A History of the County of Cambridge and the Isle of Ely: Volume 4, City of Ely; Ely, N. and S. Witchford and Wisbech Hundreds. Originally published by Victoria County History, London, 2002.
This free content was digitised by double rekeying. All rights reserved.
Mepal is one of the smaller villages of the Isle, 8 miles from Ely and 4½ miles from Chatteris, and is situated on a loop in the main road which connects the two. The parish is crossed diagonally by the Old and New Bedford Rivers, which are spanned by bridges north-west of the village. These bridges carry the Ely-Chatteris road. They are the only important road bridges over these rivers in the Isle.
A great fire in the village between 1861 and 1871 was a contributory cause of the large decrease in population (510 to 397) that occurred in that decade. (fn. 1) In consequence of the fire there are few buildings of architectural interest in Mepal. Mention may however be made of Ash Cottage, a timber-framed thatched house dating from the 17th century and later, and of the early-19th-century Octagon House, whose unusual plan recalls the rather earlier 'Round House' at Little Thetford.
The open fields were inclosed in 1854 under the general Act of 1845. An area of 442 acres, including a few old inclosures, was distributed among 22 persons or institutions. The largest allotments were made to the Dean and Chapter of Ely (138 acres), Richard Bryan (72 acres), and William Cole (31 acres). (fn. 2) The Dean and Chapter's allotment was subdivided between their two tenants, Caius College and William Cattell, who received 89½ acres and 48½ acres respectively.
Mepal is not individually mentioned until the reign of John; (fn. 3) in early days it was perhaps reckoned as part of Sutton or Witcham, which lie close to it on the north-west edge of the high land. The first recorded landowner is Ralph de Saham, who held 1 fee under the Bishop of Ely at some uncertain date. (fn. 4) Subsequently Baldwin de Colne held ½ fee here of the Bishop of Ely. In 1321 Richard Frevyle, parson of Long Stanton St. Michael, who was presumably a trustee, conveyed the manor and advowson to William de Colne, (fn. 5) probably Baldwin's son. William held the manor in 1346. (fn. 6) In 1359 Joan, Sir William's second wife, held Mepal for her life, with reversion to John de Colne, their son; William Mochet was their tenant. Sir Henry Colvile, a member of the well-known family of that name at Newton, acting as agent for the prior and convent of Ely, obtained a conveyance of the manor from John de Colne, saving the interests of his mother and her tenant. In 1360 Joan de Colne released all claim in the manor except an annual pension of 20 marks. (fn. 7) The manor was alienated to the convent under a mortmain licence of 1309, (fn. 8) and was valued on alienation at £4. The purchase transactions cost the convent £254. About two-fifths of this sum was subscribed by the prior and twenty-two monks of the convent, and the residue raised by heavily mortgaging the manor itself, and by such surprising devices as the sale of kitchen utensils and old vestments. (fn. 9)
The manor was rated at ½ fee in 1428. (fn. 10) The receipts derived from it were £11 11s. 2d. in 1429, £5 in 1435, £5 13s. 6d. in 1437, £5 in 1440, and £9 15s. in 1467. (fn. 11) Thus its value in the 15th century was low. Just before the Dissolution it produced £11 14s., less 8d. for the repair of Aldreth causeway (in Haddenham) and £1 in bailiff's fees. (fn. 12) The manor house was then on lease for £5 to Thomas Jetherell as heir to his father John, who had received a thirty-year lease in 1521-2. (fn. 13) Other rents realized £5 10s. 8d., the sale of timber 16s. 8d., and perquisites of court 6s. 8d. on an average.
In 1541 the manor was formally transferred to the dean and chapter of the new foundation. (fn. 14) In 1623 Sir Miles Sandys was tenant of the manor, and was in dispute with the dean and chapter over rights of common. (fn. 15) By an agreement between the dean and chapter and certain tenants in this year the commons, fens, and marshes had been inclosed and fines changed from arbitrary to certain (see Sutton). (fn. 16)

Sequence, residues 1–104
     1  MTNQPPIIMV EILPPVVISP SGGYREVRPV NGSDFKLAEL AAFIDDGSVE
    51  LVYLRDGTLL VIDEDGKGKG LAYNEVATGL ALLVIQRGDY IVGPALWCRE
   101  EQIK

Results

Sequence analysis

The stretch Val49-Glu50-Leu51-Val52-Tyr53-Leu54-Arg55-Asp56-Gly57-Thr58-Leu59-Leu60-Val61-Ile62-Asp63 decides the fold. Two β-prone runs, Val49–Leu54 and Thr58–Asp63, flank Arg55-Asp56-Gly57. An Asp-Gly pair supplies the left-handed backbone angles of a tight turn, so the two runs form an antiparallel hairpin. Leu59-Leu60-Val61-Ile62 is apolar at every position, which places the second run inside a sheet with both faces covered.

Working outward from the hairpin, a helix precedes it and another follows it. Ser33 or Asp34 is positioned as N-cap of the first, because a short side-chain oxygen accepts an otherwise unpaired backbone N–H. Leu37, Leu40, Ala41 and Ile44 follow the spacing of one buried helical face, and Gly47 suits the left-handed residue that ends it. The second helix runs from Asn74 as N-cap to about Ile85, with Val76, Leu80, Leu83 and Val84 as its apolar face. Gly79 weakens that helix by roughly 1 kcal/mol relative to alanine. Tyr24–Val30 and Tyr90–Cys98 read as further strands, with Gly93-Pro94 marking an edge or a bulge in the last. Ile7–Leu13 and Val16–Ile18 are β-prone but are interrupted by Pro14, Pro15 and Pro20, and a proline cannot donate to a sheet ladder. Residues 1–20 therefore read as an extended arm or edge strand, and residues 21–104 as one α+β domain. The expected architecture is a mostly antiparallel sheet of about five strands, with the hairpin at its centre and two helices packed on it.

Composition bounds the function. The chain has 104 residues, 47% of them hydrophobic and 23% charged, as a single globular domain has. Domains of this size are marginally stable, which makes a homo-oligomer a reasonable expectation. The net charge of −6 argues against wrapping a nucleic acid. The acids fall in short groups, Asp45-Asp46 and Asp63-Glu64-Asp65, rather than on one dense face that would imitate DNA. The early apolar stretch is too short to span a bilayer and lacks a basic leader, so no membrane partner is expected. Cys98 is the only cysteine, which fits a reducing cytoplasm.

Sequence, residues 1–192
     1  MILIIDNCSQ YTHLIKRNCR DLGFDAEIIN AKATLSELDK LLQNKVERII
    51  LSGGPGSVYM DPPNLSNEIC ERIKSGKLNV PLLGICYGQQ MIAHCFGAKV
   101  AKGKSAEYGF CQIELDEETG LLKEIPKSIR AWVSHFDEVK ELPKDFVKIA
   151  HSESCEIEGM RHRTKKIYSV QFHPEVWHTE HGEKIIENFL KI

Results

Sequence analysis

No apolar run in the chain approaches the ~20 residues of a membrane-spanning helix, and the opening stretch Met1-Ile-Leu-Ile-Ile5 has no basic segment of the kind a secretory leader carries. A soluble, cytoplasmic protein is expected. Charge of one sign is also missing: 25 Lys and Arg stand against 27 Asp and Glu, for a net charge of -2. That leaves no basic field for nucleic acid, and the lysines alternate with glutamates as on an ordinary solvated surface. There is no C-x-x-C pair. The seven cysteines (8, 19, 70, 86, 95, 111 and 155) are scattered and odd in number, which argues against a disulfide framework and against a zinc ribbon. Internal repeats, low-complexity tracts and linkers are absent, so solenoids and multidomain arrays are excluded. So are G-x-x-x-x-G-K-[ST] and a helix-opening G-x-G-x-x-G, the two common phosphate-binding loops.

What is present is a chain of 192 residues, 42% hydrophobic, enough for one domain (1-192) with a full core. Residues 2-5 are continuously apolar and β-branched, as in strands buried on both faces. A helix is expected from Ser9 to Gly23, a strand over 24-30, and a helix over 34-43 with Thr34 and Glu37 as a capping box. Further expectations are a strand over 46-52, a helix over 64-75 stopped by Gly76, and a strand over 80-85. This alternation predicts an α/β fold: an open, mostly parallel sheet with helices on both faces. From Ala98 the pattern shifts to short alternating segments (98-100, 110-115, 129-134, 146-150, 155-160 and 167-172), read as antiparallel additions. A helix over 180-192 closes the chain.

By 1649 the manor house with its demesnes had become so far separated from the manorial rights that it was necessary to value each independently. The demesne measured 231 acres. Of this area, 80 acres were arable, valued at £36 5s., 51 acres pasture, valued at £37 18s., and 100 acres fen, valued at £27. Some of the demesne had been encroached upon to make the New Bedford River. The timber was valued at £5, and there was a decayed fishery called Barr Load. To the manor proper was due the sum of £28 6s., about equally divided between rents of assize and rents reserved on leases. It was stated that improvement (presumably by drainage) would raise the revenue to £106 3s. (fn. 17)
In 1650 Robert Croxton bought the whole estate from the Commissioners for the sale of Church lands. The manor was stated to be worth £15 16s., a sum presumably representing pleas and perquisites of court and the like; Croxton paid £237 for it. (fn. 18) The price exacted for the manor house and demesne was £744 10s. The manor house when purchased by Croxton was a timber framed building consisting of a hall, parlour, and buttery with three chambers over, a kitchen wing of two stories, outhouses, gardens and orchards amounting to 3 acres, and various closes, mostly contiguous, amounting to 132 acres. There was also a small cottage tenanted by Richard Lancaffe, and 140 acres of fen or 'new allotted' ground. All these premises had been let by the dean and chapter at Michaelmas 1649 for twenty-one years to Miles Carter for £5 and 12 quarters of wheat yearly. This was presumably a beneficial lease, as the improved value, due to the recently completed drainage and the construction of the Bedford River, was £111 13s. (fn. 19) Miles Carter was apparently undisturbed, and some time before 1661 sold his tenancy of the manor and demesnes, with a 'frish' called Mepal Holt, to John Lord and Elizabeth his wife, who in that year petitioned the dean and chapter to admit them as tenants. (fn. 20) A later lessee was James Halman, Master of Caius College, who in 1702 bequeathed his lease to the college for various benefactions. In the early 18th century the college were paying the dean and chapter an annual quit rent of £5 with 2 quarters of wheat, a calf and a boar. The fines payable for renewal were £70 in 1710 and 1717 and £87 in 1724. The estate then consisted of the manor house with outbuildings, a dovehouse, orchard, and 4 cottages, 80 acres of arable, 20 of meadow, 55 of old pasture, 80 of fen, and a sheepwalk for 300 sheep. (fn. 21) The Manor Farm was in 1702 sub-let for £85 a year. Halman's bequest was valuable to the college. The rent paid by the under-tenant rose steadily from £95 in 1710 to £432 10s. in 1866, and the fine on admission from £70 to £900. In 1871 the Ecclesiastical Commissioners, as successors to the dean and chapter in the lordship of the manor, bought out Caius College for £5,500. (fn. 22)